MLK Unplugged

Now that MLK Day is over, allow me to tell you a true story. There was once a man named Martin Luther King Jr. He was a civil rights leader, yes, leading non-violent protests, mostly across the South. He did give the “I Have A Dream” speech, and also suffered violence and imprisonment for his work. All of the stories, dare I even say propaganda you heard yesterday was true. It was all true.

I didn’t write about Martin Luther King Jr. on MLK Day because I didn’t want to compete with the great image put forward. I mean, the FBI, CIA, and NRA- all groups that were not friends to King in his time- even tweeted out messages remembering the late Dr. King yesterday. Donald Trump even took three minutes (!) out of his day to visit the King Memorial. I wouldn’t dare want to compete with that sanitized version of Dr. King.

So I’ll write about him today. Dr. Martin Luther King Jr. would have been 90 this year, if it hadn’t been for a sniper assassinating him in Memphis, TN in 1968. I don’t much care in the end if King was killed by James Earl Ray or someone else, because it doesn’t change the story much. If King wasn’t killed on April 4th by Ray, he had enough other people trying. The FBI, the CIA, and probably more government agencies were spying on King, tracking his every move, treating him as an enemy of the state. Local officials in the towns he preached and marched in wanted to arrest or harm him. The Ku Klux Klan wanted to harm him. Other random lunatics wanted to take down Dr. King. Martin Luther King Jr., the lionized hero of today, was the most hated man in America at that time. Let that sink in. We’ve whitewashed our just how bad the opposition to King was.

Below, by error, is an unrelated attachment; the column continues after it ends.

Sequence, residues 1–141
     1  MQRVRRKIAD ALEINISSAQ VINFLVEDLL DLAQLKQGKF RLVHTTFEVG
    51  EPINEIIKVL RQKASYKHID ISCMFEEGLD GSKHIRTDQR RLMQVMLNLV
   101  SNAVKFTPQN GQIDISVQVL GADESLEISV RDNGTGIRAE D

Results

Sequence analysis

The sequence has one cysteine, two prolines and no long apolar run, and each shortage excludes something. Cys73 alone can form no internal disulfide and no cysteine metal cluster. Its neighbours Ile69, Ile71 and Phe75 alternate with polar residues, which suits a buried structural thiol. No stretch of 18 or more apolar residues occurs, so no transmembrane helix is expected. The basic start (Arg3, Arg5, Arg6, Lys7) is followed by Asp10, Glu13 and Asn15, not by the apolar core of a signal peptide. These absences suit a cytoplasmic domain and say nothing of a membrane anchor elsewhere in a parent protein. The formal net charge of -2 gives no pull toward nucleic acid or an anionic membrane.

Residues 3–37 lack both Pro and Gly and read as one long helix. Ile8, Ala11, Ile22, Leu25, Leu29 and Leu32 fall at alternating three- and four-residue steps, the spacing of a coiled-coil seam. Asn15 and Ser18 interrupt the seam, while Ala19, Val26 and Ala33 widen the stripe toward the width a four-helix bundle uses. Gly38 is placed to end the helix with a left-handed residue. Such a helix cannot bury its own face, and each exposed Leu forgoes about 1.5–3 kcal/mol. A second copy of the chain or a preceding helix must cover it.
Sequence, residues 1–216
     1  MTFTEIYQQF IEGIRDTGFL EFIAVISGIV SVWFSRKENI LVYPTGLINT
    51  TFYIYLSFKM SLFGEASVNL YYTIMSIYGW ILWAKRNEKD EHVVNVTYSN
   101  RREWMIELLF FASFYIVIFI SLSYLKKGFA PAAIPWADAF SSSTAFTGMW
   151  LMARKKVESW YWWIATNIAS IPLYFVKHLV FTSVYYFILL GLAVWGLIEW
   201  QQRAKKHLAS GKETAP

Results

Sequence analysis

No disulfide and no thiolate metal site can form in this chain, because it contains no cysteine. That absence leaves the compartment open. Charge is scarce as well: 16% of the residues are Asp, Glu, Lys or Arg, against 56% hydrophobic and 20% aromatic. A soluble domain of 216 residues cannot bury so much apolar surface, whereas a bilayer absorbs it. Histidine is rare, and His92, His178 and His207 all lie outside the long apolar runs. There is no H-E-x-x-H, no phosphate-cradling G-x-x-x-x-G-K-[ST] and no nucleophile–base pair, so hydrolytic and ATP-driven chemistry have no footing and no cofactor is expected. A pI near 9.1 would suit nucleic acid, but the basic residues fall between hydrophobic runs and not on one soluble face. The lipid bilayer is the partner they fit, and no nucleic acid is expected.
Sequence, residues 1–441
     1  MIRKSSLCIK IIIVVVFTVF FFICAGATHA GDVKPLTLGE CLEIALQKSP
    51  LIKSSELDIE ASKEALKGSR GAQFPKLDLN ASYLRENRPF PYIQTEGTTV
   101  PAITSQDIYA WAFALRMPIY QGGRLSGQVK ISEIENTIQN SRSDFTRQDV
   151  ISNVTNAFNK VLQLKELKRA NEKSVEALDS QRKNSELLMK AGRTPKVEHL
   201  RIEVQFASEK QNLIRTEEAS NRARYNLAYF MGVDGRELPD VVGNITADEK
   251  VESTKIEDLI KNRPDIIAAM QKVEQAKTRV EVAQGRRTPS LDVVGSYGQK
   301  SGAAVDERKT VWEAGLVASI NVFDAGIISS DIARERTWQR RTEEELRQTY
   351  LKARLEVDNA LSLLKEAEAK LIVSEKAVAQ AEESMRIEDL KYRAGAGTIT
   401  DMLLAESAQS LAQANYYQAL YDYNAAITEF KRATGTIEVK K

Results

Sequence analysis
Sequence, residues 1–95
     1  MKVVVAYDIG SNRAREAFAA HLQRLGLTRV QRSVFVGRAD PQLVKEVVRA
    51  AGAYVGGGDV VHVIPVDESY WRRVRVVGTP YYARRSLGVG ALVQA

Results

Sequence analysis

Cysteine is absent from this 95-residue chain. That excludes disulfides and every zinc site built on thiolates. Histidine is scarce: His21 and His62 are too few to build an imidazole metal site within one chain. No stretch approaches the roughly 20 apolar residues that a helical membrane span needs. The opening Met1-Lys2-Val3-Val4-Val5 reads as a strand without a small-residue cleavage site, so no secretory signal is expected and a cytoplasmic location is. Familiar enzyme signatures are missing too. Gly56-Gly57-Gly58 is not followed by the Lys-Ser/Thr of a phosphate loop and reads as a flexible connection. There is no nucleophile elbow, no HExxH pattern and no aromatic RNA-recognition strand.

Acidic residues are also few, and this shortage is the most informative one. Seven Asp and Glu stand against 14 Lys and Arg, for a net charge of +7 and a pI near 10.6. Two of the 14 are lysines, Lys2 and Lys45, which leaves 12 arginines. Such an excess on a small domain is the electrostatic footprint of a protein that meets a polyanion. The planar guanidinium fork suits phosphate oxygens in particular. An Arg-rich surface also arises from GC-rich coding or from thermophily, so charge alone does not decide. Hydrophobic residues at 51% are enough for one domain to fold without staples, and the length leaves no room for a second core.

You see, King wasn’t just a civil rights leader that made eloquent speeches. He was a union organizer. His final speech in Memphis was to striking sanitation workers, mostly African-American, that wanted a living wage. King considered himself a part of SEIU 1199, as he stood with them against drugstore discrimination, and their leader marched with him at Selma. King believed in the dignity of all working men, not an economy based on profits. Yes, he was a “threat” to the prevailing views of business.

The biggest offense of King though was speaking out against the Vietnam War. His anti-war rhetoric left him estranged from even many of the white liberals of the day who had supported Civil Rights legislation. Questioning American military action in Southeast Asia practically made King an enemy of the state. King was a radical. He was probably too radical to ever win elected office, but it’s important we remember that he wasn’t a politician. King was the person the politicians wanted to get rid of.

You’ll have to forgive me for not wanting to step on the likes of Donald Trump, the FBI, and the NRA in their celebrations of Martin Luther King Jr. yesterday. I just couldn’t believe Trump would want to celebrate the life of someone who believed in unions, ending Vietnam, the voting rights act, and ending Jim Crow. I figured I’d let him get back to crying for a wall to keep people from Latin America out first.

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